The following Letter is from the Rev. T. P. Foley

to Mr. Pomeroy.

To the Rev. Mr. Pomeroy, Bodmin, Cornwall.

Old Swinford, Worcestershire, Oct. 16, 1804. Rev. SIR,

I must confess I read a copy of your letter, either to Mr. Bruce or to Mr. Sharp, with the

keenest sorrow and indignation ; I was grieved most bitterly, to see a clergyman of such respectable ability and general character as yourself, so far lost to every honourable and religious feeling as to declare positively, with a view to impose upon and deceive the friends of Joanna, that you have no letters, or writings whatever, belonging to Mrs. Southcott, whom you are pleased to term “a deluded and ungrateful woman, and that she herself knew you had no letters or writings of hers near two years since, so that to charge you with having any of her papers now was to deceive the public, and wantonly to traduce your character.” But will you permit me, Sir, to ask you, what is become of those letters, which she sent you, from 1796 to 1801, and those writings of " three sheets of paper,” that were put in your hands in 1797, upon your promising, faithfully and honourably, to bring them forward, either for or against her, when they should be demanded i Can you, with a safe conscience, lay your hand upon your heart and say this is an untruth? I do not believe you dare do it: for I can assure you, we have full and decided proof to the truth of this statement. And we shall be happy to meet you, in the face of an assembled world, and will try the cause with you, whether we are supporting Lies and an Impostor; or, whether your accusations can be established. Allow me to tell you, that our honour and characters are as dear to us, as yours can possibly be to you; and we will contend for them (the Lord giving us strength) to the last moment of our existence; nor are we afraid to meet yourself and any twenty-three men in this kingdom (except those who have received letters from Miss Townley, and have returned them back, or de

royed them; for with such, we have sworn

73 Linto the Lord that we will not meet) to decide this serious and most momentous cause ; for it is either the cause of the Most High God; or, it is the cause of error or delusion and therefore it is high time to be decided WHICH. For if it should prove to be a delusion, thousands and tens of thousands will be ruined -- and how can the bishops and clergy, who have been appealed to, answer for themselves to the Supreme Ruler of the Universe, for not having diligently searched into the cause, which I know to be one of the first importance that ever came before mankind, and second only to that of our blessed Lord, when he was tried at Pilate's bar. What will be the astonishment and confusion of the Shepherds of Christ's Flock, when they have demonstrative proofs, that this is his blessed and glorious WORK? Will they not, think you, be almost ready to call upon the mountains and the rocks, to fall on them, and to hide them from the face of Him that sitteth upon the Throne, and from the wrath of the LAMB? For they will find the day of his wrath is come : and who will be able to stand ? I tremble for their situation, as well as your own; and I do most faithfully believe, that without a hasty and hearty repentance, that many will ere long be swept away, by the just judgments of the Lord. I sincerely hope, and pray, that your eyes may be opened, before it is too late, that you may be sensible of the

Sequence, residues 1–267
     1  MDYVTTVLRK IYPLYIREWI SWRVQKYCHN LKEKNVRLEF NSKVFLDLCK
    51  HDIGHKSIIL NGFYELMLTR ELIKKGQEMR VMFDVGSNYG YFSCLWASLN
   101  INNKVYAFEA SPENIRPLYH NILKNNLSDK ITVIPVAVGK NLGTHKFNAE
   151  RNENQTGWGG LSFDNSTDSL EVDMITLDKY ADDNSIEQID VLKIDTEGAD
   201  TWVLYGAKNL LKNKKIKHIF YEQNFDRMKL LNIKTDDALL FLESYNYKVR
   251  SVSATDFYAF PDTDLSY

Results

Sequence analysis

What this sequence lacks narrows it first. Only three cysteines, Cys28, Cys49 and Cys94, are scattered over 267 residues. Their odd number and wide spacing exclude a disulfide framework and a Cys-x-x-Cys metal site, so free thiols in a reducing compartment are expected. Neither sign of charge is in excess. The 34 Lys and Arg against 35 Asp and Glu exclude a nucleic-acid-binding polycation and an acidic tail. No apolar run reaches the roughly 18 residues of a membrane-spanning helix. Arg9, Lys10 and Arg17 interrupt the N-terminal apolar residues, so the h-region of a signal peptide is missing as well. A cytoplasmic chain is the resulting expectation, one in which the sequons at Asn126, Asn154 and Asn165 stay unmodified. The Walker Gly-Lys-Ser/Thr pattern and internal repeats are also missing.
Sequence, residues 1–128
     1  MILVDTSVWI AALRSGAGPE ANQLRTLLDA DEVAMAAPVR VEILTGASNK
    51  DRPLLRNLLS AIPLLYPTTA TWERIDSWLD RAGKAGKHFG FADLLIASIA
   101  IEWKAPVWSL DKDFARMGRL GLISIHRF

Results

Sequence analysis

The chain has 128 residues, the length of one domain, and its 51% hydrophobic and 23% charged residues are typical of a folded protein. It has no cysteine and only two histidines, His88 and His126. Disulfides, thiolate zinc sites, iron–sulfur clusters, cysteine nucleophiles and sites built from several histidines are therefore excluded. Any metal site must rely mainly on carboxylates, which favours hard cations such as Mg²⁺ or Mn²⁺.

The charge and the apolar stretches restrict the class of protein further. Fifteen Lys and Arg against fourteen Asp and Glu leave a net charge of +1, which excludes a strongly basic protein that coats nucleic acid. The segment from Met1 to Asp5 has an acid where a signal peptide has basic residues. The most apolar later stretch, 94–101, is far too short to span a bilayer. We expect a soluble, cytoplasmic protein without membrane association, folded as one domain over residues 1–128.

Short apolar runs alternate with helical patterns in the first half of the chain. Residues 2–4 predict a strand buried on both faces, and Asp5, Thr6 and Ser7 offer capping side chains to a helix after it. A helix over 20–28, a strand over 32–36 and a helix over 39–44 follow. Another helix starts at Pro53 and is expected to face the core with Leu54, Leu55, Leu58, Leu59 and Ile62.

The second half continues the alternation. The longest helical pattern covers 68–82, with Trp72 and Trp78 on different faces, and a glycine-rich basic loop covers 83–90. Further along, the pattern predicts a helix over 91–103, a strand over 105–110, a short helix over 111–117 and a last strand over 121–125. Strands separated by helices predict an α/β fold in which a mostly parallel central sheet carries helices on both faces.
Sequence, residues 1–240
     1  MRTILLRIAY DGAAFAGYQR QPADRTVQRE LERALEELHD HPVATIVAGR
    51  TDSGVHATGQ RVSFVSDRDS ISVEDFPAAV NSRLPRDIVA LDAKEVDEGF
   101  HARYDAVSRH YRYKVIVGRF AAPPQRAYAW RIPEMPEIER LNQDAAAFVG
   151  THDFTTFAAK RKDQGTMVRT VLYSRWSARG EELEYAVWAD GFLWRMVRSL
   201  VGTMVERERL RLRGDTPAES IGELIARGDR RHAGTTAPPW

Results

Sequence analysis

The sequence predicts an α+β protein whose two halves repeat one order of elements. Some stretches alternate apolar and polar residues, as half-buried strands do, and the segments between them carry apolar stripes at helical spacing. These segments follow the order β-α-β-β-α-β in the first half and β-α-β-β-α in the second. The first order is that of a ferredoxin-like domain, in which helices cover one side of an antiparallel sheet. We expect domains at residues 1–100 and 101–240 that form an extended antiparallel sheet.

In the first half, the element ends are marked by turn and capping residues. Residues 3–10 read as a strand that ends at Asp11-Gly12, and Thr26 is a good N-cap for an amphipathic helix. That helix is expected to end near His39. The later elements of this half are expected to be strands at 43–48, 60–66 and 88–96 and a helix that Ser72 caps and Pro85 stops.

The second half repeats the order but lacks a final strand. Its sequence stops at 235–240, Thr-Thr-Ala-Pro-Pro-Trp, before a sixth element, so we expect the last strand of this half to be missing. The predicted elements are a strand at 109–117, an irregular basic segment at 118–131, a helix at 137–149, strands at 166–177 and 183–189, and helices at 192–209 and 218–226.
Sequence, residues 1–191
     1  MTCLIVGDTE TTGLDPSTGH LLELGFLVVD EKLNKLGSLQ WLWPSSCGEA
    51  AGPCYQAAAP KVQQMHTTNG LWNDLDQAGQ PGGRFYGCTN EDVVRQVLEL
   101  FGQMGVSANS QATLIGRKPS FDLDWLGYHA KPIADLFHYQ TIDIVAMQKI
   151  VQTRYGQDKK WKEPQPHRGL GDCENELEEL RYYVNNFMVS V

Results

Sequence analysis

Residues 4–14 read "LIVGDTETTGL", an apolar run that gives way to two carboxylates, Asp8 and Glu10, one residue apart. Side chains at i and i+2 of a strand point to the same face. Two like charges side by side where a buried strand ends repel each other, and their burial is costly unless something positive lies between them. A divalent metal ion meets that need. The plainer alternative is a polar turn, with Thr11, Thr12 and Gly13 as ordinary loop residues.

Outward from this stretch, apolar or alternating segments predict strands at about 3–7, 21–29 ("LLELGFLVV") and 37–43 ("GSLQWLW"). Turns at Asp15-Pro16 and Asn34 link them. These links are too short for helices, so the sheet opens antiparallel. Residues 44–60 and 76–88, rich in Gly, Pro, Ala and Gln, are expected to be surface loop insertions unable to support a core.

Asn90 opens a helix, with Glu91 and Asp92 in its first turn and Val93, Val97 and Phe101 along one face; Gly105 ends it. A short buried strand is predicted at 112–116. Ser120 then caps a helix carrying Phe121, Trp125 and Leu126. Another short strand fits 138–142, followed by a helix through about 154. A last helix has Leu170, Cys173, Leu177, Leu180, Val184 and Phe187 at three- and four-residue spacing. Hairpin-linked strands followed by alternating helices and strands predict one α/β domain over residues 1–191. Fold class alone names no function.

vil one, who has deceived you, and not Joanna; and that you may turn unto the Lord with deep contrition, and be forgiven and come forth boldly in this glorious and divine work of the Lord; and I shall hail you with much joy, as a brother snatched from the burning. The proposal that is now made to you, is so fuir and just, that you cannot possibly shun accepting it, with